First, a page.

A Conversation with Geoffrey Gudgion, author of Draca

My guest today is Geoffrey Gudgion, author of Draca, a sailing adventure and family epic I reviewed last week. We both love to sail so I chose Lymington, Hampshire for our meeting – a lovely harbor from which to sail – and the Mayflower pub (an homage to the Pilgrims) for a drink. Mine is a Guinness, of course.






Welcome, Geoff, to SaylingAway. I’d like to start with a general question: Tell me something about yourself and your background.

I spent over 10 years in the Royal Navy, and made my first attempts at writing a book while on deployment. Fortunately those efforts don’t survive. A subsequent business career was fairly successful, though I never truly fitted with Corporate America; I was the quiet Brit amidst colleagues punching the air and shouting “Awesome!” After a blistering row with my CEO I left, funded my way with consultancy, and wrote in the gaps. Now I just write. I’ve found what I should have been doing all along.

So where do you get the ideas for your books?

Wall-Mart? But seriously, ideas can come from anywhere. I once wrote a whole novel after staring at a 14th Century wall painting in an old English chapel. I like history, the interplay of characters, (particularly strong female characters,) and a hint of ‘otherworldliness’ – that whiff of sulphur among the roses.

The idea for Draca came watching the sun go down over an isolated, atmospheric anchorage, a place of screaming seagulls where the ebbing tide revealed the bones of dead ships poking through the mud. I wondered what stories those timbers could tell. What if they were really old? After all, the Vikings raided that harbour in 876AD. The idea took hold.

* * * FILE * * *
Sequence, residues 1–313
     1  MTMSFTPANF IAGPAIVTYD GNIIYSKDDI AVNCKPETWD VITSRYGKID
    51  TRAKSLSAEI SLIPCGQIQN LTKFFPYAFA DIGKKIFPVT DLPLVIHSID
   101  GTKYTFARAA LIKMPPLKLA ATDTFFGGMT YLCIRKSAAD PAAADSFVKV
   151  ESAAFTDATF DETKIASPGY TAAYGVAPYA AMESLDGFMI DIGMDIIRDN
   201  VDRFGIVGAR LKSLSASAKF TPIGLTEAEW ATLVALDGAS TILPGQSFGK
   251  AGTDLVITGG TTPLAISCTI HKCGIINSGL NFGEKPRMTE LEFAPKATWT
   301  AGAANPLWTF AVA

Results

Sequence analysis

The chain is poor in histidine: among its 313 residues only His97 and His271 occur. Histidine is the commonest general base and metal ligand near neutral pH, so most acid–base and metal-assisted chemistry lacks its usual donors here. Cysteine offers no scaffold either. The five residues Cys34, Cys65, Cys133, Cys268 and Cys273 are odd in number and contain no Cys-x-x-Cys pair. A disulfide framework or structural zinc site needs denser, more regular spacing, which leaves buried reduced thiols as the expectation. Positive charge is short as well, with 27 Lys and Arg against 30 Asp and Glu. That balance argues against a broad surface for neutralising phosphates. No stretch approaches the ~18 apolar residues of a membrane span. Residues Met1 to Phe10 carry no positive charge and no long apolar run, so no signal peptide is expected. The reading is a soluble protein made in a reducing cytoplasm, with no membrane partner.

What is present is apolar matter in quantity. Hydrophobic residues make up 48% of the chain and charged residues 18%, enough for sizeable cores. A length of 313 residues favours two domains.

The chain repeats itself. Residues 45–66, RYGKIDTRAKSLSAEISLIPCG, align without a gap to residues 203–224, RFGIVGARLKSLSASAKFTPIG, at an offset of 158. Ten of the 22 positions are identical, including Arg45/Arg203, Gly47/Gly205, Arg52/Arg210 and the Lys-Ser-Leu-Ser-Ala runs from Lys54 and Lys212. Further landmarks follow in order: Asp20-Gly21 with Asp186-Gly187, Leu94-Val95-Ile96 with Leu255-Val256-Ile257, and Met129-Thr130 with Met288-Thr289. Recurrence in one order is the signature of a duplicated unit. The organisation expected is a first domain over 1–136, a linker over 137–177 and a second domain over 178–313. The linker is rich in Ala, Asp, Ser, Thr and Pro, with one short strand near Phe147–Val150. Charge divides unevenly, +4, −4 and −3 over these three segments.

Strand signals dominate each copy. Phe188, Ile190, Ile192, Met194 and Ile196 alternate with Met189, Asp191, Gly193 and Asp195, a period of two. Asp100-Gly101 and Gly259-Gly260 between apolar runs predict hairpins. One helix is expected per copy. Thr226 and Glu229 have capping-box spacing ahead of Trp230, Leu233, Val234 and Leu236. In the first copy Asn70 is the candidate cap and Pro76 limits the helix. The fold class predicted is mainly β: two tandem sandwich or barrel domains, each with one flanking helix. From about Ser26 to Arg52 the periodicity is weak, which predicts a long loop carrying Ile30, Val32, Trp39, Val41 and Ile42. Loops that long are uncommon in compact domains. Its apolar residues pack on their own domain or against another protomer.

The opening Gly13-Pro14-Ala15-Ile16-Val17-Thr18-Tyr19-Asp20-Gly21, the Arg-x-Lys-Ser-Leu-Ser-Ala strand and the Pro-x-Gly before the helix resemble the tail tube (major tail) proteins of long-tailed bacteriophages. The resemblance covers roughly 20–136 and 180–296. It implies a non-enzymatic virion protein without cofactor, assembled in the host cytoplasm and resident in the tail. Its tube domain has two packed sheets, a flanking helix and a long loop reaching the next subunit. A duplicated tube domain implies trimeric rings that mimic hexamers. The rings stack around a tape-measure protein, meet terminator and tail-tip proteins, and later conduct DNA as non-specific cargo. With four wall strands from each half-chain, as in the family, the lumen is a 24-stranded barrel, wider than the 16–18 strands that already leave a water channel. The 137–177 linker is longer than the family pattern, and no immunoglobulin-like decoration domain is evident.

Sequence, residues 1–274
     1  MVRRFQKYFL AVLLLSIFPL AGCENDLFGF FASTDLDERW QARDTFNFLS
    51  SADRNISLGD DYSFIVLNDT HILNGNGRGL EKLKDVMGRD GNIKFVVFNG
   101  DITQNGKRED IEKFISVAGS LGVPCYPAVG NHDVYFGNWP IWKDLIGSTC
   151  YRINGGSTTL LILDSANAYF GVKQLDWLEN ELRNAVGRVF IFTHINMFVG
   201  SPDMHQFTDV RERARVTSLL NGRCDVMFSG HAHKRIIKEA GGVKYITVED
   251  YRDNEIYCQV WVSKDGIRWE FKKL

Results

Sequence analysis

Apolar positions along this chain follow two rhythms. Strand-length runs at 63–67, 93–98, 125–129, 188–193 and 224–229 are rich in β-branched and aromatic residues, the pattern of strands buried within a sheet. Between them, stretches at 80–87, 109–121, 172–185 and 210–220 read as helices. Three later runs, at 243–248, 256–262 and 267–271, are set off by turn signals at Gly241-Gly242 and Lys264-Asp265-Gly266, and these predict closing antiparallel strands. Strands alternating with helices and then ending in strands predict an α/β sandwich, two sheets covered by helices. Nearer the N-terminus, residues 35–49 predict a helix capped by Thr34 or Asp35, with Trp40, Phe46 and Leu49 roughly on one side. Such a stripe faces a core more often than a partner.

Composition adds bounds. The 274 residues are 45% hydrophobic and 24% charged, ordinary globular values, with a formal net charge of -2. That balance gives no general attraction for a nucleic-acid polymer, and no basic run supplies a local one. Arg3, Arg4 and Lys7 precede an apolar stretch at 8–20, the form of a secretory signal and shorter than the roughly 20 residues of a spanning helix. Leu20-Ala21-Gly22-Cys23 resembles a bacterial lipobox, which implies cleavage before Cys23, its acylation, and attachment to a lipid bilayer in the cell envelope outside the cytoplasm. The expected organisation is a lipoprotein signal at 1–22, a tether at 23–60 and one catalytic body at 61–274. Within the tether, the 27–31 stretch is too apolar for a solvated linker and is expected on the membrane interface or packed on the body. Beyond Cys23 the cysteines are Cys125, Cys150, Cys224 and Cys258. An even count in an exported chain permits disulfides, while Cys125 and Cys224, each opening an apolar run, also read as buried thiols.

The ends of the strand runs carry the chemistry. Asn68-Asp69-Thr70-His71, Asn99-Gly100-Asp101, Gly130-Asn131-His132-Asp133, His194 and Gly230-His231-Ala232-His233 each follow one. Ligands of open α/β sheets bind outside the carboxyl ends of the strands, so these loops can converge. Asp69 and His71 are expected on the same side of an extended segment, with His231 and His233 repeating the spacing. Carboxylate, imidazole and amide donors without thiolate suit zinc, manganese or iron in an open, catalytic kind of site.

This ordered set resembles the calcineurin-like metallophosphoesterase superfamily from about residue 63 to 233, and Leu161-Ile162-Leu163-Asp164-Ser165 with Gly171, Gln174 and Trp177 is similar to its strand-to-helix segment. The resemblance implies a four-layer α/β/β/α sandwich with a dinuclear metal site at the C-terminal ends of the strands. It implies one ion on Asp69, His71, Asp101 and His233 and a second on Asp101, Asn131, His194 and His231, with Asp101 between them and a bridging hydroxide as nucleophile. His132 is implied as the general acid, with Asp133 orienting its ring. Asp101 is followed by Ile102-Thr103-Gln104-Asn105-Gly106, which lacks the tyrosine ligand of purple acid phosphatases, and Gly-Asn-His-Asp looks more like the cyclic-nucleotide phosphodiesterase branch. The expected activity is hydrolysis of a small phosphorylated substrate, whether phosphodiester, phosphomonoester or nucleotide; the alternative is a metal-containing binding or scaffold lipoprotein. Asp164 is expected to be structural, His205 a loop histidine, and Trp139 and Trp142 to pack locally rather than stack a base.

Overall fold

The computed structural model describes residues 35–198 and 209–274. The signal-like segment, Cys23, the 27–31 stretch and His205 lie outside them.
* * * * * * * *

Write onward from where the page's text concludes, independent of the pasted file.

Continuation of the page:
One of the major themes in Draca is sailing, something I’ve been doing since I was a preteen, and one of the reasons I enjoyed Draca so much. Tell me about your sailing experiences and how you plotted out the sailing sequences in the book.

I learned to sail as a fumbling 17 year old cadet off Dartmouth, though the only advice I remember now is being told by a bearded Petty Officer ‘always remember lad, when you see the seagulls walking it’s time to go about’.  Years later a friend asked me to crew for him in a voyage around Brittany into Biscay. It became an annual event, either in the English Channel or the Baltic. It only stopped being fun once, when gale-force winds blew against a 5-knot tide off Alderney, and the sea went from moderate to brutal before we found shelter. The waves get higher every time I tell the story, but it was useful background for Draca.

I found the sailing sequences pretty breath-taking, reminding me all too well of my own death grip on the gunwales in some pretty high seas. I think a movie of Draca would be spectacular visually, especially with all the CGI effects possible now. Who would you cast to play the characters in Draca in a movie?

Charlotte is cool, sophisticated, and sexy. Natalie Dormer (Ann Boleyn in The Tudors).

Georgia, ‘George’, is innocent, even naïve, but strong as steel underneath. Maisie Williams (Arya Stark from Game of Thrones).

Jack I see as a younger Viggo Mortensen (Aragorn in Lord of the Rings); strong, brooding, Nordic. My wife thinks he’s hunky and calls him Viagra Mortensen.

I hate to cast an actor I admire as Harry, but Sean Bean could do the job, if he asked me nicely.

I love all those actors, especially Sean Bean. He’s been a favorite of mine for a long time.